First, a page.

Julian Assange seeking asylum in Ecuadorean embassy in London

by editor | 20th June 2012 10:46 am

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WikiLeaks founder walked into the embassy and asked for asylum under the United Nations human rights declaration

Julian Assange

Julian Assange has asked for asylum at Ecuador’s embassy in London. Photograph: Kirsty Wigglesworth/AP

Julian Assange[1] has dramatically sought political asylum at the Ecuadorean embassy in London, days after the supreme court rejected the last of his appeals against extradition to Sweden to face sex crime accusations and after what he called a “declaration of abandonment” by his own government in Australia.

In a move that appears to have surprised even some of his closest supporters, the WikiLeaks[2] founder walked into the country’s embassy in Knightsbridge and asked for asylum, citing the UN declaration of human rights.
“I can confirm I arrived at the Ecuadorean embassy and sought diplomatic sanctuary and political asylum,” Assange said in a statement.

“This application has been passed to the ministry of foreign affairs in the capital Quito. I am grateful to the Ecuadorean ambassador and the government of Ecuador[3] for considering my application.”

The audacious bid came less than a week after the supreme court finally rejected his appeal against extradition to Sweden, where he is wanted for questioning in connection with accusations of the rape of one woman and sexual assault on another in August 2010, which he denies.

Assange and his supporters have argued that his removal to Sweden could be followed by a possible onward extradition to the US on potential espionage charges, saying he is at risk of the death penalty.

The US government opened a grand jury investigation in May 2011 into the passing of hundreds of thousands of secret US embassy cables to WikiLeaks, the first stage in a process of deciding whether or not to prosecute Assange. No request for extradition to the US has been made, however.

In a statement on its site, WikiLeaks said that in a meeting with Assange’s legal adviser in May, the Australian government had issued “an effective ‘declaration of abandonment’, refusing to protect Mr Assange, or make any requests on his behalf”.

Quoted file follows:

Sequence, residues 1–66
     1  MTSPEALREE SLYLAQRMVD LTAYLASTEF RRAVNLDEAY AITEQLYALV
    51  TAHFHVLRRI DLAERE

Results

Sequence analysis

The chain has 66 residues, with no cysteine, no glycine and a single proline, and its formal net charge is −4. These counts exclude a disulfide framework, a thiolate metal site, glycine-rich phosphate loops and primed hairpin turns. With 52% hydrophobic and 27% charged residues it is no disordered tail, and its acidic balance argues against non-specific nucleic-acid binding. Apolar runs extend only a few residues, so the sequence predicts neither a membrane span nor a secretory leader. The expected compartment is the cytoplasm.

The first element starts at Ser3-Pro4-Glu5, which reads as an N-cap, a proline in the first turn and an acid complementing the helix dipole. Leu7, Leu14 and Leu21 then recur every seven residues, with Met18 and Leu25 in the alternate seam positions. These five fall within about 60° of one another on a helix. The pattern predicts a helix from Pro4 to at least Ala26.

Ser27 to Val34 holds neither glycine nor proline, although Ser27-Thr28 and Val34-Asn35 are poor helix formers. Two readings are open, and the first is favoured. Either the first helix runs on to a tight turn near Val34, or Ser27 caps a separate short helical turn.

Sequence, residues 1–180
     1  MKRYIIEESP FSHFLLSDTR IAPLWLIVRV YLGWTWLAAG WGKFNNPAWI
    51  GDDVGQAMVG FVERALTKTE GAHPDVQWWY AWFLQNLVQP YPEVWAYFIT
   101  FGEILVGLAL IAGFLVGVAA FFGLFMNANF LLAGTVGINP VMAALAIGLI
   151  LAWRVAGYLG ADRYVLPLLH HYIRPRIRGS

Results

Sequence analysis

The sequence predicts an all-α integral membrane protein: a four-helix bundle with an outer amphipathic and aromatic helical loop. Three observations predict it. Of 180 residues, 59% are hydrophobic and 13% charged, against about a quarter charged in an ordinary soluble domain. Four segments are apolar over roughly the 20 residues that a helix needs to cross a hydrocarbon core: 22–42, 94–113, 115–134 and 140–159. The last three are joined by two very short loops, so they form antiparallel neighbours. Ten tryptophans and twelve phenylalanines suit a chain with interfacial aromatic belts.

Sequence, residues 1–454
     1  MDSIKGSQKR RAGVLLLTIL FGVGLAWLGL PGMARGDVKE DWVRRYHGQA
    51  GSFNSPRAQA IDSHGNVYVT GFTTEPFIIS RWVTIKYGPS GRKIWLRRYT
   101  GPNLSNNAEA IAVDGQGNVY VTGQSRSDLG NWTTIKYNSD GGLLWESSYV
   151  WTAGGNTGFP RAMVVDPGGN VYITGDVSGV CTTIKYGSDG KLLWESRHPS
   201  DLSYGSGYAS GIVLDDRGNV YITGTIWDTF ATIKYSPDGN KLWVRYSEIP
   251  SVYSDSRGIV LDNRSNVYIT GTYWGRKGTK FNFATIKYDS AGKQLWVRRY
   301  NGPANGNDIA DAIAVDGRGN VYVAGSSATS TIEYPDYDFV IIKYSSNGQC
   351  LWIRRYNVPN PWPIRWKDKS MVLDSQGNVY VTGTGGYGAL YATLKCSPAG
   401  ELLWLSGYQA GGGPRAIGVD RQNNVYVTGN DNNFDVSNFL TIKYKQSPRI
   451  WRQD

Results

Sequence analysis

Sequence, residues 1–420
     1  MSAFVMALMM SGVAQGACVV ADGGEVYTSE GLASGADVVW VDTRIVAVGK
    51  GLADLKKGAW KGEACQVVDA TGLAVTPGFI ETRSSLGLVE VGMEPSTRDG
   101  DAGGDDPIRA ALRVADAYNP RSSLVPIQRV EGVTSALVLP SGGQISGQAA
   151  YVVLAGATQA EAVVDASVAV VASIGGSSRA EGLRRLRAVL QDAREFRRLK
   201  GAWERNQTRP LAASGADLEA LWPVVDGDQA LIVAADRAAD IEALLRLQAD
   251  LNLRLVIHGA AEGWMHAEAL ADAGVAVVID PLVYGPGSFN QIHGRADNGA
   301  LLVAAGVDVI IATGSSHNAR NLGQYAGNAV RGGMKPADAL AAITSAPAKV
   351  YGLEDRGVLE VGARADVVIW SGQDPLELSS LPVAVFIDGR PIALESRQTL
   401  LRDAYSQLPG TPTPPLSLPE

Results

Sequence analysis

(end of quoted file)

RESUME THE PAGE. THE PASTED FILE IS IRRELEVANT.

Assange had been given until 28 June to lodge an appeal against the UK court’s decision at the European court of human rights in Strasbourg. Some legal commentators have doubted whether Assange would have strong grounds to take his appeal to the court in Strasbourg.

He may have decided on his dramatic switch in tactics having been discouraged about his chances of success in Europe’s highest court. Assange is currently on £240,000 police bail, a sum posted by a number of high-profile friends and supporters. Last month Assange interviewed the socialist Ecuadorean president Rafael Correa for his TV show The World Tomorrow, broadcast on the Russian state-sponsored channel Russia Today. The WikiLeaks founder described Correa as “a leftwing populist who has changed the face of Ecuador”.

It was unclear whether any explicit or informal offer of asylum had been made by the president during the interview, though the country’s deputy foreign minister said in 2010 that Ecuador would offer him residency without conditions.

Assange’s presence will focus attention on the extent of diplomatic immunity for foreign embassies in the UK. In a statement, the Ecuadorean embassy said: “This afternoon Mr Julian Assange arrived at the Ecuadorean embassy seeking political asylum from the Ecuadorean government. We have immediately passed his application on to the relevant department in Quito. While the department assesses Mr Assange’s application, Mr Assange will remain at the embassy, under the protection of the Ecuadorean government.”